John of Gischala and Simon bar Giora both victims of a Reductio ad Samaritanos

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John of Gischala and Simon bar Giora both victims of a Reductio ad Samaritanos

Post by Giuseppe »

I share this my thought addressed to Greg Doudna, since I consider it very intriguing and may interest even you, dear reader:

Thank you, Greg. I see that you also identify the Acts's Apollos with Paul, hence raising the case of a Paul who, before his "conversion" to Christianity, was someway connected with "the baptism of John". I think that John is the distorted memory of the Samaritan false prophet killed by Pilate (identified with Dositheus by Etienne Nodet, and with Theudas by Georges Ory and Lena Einhorn) while you think that John the Baptist is the essene Teacher of Righteousness, transposed under Pilate by a chronological error of Josephus. We agree both that the Josephian John was used as decisive chronological marker for the Gospel Jesus: "no John, no Pilate".

Could Paul/Apollos be the author of the artificial connection between John and Jesus? Isn't that what the author of Acts 18 is going to describe, someway, possibly without even knowing it (differently from his source)?

What is also intriguing is your suggestion that the Josephian John, whoever he was, was used to eclipse the disturbing and rival memory of a different John: John of Gischala. But so also the menory of a Samaritan Simon Magus was used to eclipse the disturbing and rival memory of a different Simon: Simon bar Giora. It seems that part and parcel of this deliberate eclipse of anti-pauline figures from 70 CE was their "reductio ad Samaritanos", i.e. they were reduced respectively:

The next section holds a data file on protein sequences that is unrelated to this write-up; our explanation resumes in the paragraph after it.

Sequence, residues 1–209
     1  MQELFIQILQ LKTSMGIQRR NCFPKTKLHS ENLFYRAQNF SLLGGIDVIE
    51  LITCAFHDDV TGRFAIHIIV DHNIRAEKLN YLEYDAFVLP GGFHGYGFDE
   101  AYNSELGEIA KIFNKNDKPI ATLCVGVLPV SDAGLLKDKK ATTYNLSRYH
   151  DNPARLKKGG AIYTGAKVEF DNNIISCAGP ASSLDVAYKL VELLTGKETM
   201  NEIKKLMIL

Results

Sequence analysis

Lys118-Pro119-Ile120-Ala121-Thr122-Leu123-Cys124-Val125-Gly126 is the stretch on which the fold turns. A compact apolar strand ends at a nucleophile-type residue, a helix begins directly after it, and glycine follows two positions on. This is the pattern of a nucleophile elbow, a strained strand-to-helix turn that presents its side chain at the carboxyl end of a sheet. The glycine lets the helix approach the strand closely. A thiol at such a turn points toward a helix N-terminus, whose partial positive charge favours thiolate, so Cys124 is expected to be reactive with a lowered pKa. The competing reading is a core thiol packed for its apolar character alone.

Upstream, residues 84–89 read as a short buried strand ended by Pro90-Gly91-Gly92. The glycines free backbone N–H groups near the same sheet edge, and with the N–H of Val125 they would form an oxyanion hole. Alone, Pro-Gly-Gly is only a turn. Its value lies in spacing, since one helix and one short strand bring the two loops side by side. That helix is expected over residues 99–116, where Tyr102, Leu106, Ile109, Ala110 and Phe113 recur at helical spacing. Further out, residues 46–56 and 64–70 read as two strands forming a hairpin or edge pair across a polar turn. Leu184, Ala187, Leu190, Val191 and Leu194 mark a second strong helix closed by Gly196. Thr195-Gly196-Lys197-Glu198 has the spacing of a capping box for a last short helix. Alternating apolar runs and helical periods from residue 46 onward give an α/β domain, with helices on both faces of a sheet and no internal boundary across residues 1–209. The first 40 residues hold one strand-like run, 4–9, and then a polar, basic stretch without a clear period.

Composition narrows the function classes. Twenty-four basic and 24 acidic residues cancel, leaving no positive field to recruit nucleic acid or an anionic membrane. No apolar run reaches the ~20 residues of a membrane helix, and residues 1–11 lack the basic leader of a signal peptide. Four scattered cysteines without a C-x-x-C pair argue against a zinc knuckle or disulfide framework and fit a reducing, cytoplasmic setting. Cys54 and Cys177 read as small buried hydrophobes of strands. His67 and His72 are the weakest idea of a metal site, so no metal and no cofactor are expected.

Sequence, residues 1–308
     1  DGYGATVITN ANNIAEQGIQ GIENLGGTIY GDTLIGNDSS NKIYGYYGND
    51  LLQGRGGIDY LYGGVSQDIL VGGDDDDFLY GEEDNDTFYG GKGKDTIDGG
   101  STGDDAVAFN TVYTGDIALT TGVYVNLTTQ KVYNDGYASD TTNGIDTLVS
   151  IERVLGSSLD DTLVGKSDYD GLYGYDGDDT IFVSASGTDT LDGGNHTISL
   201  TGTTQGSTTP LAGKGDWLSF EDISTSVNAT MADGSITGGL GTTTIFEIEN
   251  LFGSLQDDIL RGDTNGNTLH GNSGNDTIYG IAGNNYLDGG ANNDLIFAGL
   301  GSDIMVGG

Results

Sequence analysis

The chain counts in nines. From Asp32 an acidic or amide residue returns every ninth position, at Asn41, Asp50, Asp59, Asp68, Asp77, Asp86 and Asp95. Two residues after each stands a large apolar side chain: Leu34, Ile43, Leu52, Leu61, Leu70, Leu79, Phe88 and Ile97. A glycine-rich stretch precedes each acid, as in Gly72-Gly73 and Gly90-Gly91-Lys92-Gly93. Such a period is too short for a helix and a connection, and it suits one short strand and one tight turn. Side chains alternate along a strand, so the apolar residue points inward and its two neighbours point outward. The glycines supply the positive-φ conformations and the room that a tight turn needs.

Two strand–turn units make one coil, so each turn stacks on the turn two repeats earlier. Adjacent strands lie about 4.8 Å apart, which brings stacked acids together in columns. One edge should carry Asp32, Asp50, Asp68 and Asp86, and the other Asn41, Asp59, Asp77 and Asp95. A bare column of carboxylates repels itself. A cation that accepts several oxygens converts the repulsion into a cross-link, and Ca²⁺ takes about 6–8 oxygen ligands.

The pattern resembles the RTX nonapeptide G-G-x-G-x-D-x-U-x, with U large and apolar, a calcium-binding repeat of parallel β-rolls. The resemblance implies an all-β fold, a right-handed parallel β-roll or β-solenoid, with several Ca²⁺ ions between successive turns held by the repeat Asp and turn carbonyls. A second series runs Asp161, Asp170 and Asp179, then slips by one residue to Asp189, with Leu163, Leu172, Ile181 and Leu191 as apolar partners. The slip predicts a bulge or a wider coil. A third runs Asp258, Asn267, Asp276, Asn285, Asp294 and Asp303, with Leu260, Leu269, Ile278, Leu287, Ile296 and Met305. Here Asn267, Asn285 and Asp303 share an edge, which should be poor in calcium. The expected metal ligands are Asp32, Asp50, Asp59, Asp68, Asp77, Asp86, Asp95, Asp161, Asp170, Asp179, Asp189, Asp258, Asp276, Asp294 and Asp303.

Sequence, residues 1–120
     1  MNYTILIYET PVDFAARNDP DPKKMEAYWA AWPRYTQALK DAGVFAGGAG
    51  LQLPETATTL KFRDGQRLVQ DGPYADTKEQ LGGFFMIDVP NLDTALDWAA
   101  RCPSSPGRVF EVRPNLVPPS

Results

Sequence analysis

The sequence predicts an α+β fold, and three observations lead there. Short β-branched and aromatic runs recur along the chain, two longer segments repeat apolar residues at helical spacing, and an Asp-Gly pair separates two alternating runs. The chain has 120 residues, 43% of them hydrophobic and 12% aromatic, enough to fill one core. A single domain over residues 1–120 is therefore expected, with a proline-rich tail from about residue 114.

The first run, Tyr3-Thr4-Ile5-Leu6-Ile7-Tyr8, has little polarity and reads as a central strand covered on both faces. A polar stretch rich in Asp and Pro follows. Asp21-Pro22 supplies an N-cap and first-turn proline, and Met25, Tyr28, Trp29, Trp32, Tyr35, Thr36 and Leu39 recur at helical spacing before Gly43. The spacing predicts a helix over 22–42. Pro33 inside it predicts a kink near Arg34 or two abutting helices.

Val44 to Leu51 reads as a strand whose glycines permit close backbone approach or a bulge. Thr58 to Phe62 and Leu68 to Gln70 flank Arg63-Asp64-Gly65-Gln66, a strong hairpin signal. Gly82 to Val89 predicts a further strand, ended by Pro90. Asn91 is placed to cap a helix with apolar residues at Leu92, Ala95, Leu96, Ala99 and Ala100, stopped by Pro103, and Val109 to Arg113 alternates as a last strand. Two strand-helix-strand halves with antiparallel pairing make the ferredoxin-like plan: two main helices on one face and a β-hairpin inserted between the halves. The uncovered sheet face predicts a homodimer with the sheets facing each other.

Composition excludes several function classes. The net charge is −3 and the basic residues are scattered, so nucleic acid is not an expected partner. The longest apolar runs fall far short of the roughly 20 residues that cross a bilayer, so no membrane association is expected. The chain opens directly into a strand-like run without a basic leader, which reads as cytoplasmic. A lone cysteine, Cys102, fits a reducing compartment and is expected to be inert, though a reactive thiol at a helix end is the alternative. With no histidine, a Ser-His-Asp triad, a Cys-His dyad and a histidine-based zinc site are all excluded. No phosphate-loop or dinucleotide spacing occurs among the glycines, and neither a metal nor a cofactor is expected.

• 1) John of Gischala, to the Samaritan Dositheus/Theudas/"John the Baptist"/the Samaritan false prophet killed by Pilate,
  • 2) Simon bar Giora, to the Samaritan Simon Magus.
What now appears to me as hardly a mere coincidence, is that the political rivalry between John of Gischala and Simon bar Giora was in turn transposed under Pilate and also "samaritanized": "Dositheus" was said to be gradually dethronized by "Simon Magus" (cfr. the Pseudo-Clementines). Isn't this legend the transposition, in mere Christian propaganda, of the John of Gischala's historical reluctance to share his power in Jerusalem with the rival faction led by Simon bar Giorah? Simon Magus reduced greatly the power of Dositheus, just as Simon bar Giorah reduced greatly the area of influence of John of Gischala in Jerusalem.

It seems that this transformation of two leader figures from 70 CE in two Samaritan Impostors from 30 CE (one of which, if Nodet is correct, was known as Dositheus) was partially derived by the memory of the Samaritan notoriety/activity of (at least) Simon bar Giorah, but also by the Pauline-Christian denigration of rival figures as mere Samaritan figures.

Best prosecution,

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